by Ife Nutara, Volunteer and Counselor, Power of Hope
Power of Hope is an overnight camp held every summer at the Commonweal Retreat Center in Bolinas, California. Usually seven nights and eight days, Power of Hope’s weeklong experience is filled with art, theater, activism, music, song and dance. It’s a place where teenagers can have the space to exist as their authentic self. A place where they can embrace their uniqueness and find ways to harness it in their everyday lives. It’s life changing to the campers and staff alike, and I was fortunate enough to experience both worlds.
I discovered Power of Hope camp back in 2015 during a pivotal time in my life. I was fourteen years old, and as most teenagers do, I was trying to figure out where I belong in the world. After hours upon hours of online searching for summer camps, I finally came across Power of Hope. It was the first year Power of Hope was held in California and I was lucky to be one of the first campers to attend. Weeks passed, and finally the day of camp had arrived. I already felt homesick as I hugged my mother goodbye, sad that I wouldn’t be able to hug her again for a while.
I boarded the shuttle bus and watched from the windows as the scenery changed from city roads and tall buildings, to trees and the watery cliffs of State Route 1. My shaky legs and clammy hands filled with anxiety and anticipation until we reached our destination an hour and a half later. I stepped off the bus and gathered my things, questioning what the next week would bring. I was missing home and low-spirited until dinner time came around. The fresh, homemade food was exceptional and lifted my low spirits a bit. After dinner, we all participated in introductory ice breaker games, which eased my nerves a bit more. Each activity, mealtime, and conversation I had led me to feel increasingly more comfortable as time went on. I met so many diverse personalities and was exposed to many things I had never known existed. By the last day, I was still my soft-spoken self but I felt like a part of me had blossomed into something new and difficult to describe. I realized there was so much more life to discover.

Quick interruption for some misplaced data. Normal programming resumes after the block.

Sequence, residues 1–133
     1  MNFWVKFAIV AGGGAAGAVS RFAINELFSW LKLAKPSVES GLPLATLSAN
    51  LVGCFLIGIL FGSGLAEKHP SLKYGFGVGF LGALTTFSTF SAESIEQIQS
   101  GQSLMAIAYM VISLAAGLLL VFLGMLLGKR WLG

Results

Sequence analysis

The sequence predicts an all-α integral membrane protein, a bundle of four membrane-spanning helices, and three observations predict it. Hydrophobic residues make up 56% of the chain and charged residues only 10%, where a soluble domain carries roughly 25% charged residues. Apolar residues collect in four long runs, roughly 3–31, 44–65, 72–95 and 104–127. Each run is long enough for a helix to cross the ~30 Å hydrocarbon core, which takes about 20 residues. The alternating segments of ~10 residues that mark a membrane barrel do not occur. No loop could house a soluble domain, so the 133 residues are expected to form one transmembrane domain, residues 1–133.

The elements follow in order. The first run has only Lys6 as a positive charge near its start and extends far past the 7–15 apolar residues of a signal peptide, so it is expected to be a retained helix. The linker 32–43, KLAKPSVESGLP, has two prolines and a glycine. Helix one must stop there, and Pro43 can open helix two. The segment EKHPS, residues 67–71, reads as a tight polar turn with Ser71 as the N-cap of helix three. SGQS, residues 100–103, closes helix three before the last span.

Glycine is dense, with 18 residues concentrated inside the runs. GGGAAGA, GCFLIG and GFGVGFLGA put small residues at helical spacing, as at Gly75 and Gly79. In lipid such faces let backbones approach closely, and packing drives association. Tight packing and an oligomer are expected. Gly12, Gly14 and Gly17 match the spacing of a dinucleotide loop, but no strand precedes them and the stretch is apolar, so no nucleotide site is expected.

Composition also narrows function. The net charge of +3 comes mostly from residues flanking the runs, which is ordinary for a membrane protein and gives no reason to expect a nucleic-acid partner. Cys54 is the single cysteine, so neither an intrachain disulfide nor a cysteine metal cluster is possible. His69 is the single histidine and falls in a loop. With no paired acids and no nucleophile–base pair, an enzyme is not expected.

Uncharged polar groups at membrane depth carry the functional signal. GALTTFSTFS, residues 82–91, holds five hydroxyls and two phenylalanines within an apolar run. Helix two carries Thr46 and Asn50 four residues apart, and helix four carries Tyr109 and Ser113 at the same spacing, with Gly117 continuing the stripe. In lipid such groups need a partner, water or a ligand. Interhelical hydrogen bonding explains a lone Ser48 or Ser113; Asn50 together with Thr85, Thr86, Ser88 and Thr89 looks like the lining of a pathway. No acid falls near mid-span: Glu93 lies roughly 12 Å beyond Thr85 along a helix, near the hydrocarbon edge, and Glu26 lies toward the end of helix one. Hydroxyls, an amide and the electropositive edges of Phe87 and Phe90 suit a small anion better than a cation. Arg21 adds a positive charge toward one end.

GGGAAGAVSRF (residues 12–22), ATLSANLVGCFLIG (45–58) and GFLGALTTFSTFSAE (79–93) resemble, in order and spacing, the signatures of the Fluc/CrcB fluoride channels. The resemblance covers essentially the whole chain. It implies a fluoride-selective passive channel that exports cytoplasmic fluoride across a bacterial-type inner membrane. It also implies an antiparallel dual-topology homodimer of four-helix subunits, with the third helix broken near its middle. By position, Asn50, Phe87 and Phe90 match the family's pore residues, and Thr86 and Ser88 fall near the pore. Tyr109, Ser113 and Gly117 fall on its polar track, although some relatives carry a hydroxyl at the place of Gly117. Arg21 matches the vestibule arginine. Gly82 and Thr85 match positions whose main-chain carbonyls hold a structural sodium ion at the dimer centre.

Particularly, during a quiet moment I had to myself at camp. I remember sitting on a bench, one that overlooks the sea, and all the way out to the horizon was pure ocean. I thought about my life back home, and how tiny it was compared to all the lives of the other campers. It was a comforting thought. Everything that I had learned at camp so far, came from someone that I didn’t even know existed a week ago. I thought about how big the world is, and how there’s definitely a place where I belong. Multiple places even, as I knew Power of Hope was surely one of them. I knew that I had only experienced the surface of life, just as I could only see the surface of the ocean. My life was so much deeper than I realized and Power of Hope was the first place to plant that seed in my mind. I went back for 3 consecutive years after that, but eventually life got in the way and even though I hadn’t aged out yet, my time at camp had come to an end.
At the beginning of this year I reached out to Power of Hope’s program manager, Amber Faur, to see if there were any opportunities for me. I wanted to give back in any way I could to the community who gave so much to me during my teenage years. Fortunately, I was able to secure a spot as a counselor. It’s usually a role made for people like me, who attended camp as a teenager and can now come back in an influential way. Samara Atkins and CJ Suitt, the two brilliant co-leads who run the camp knowledgeably said, “The counselors are the glue that hold the space between the campers and staff, together.”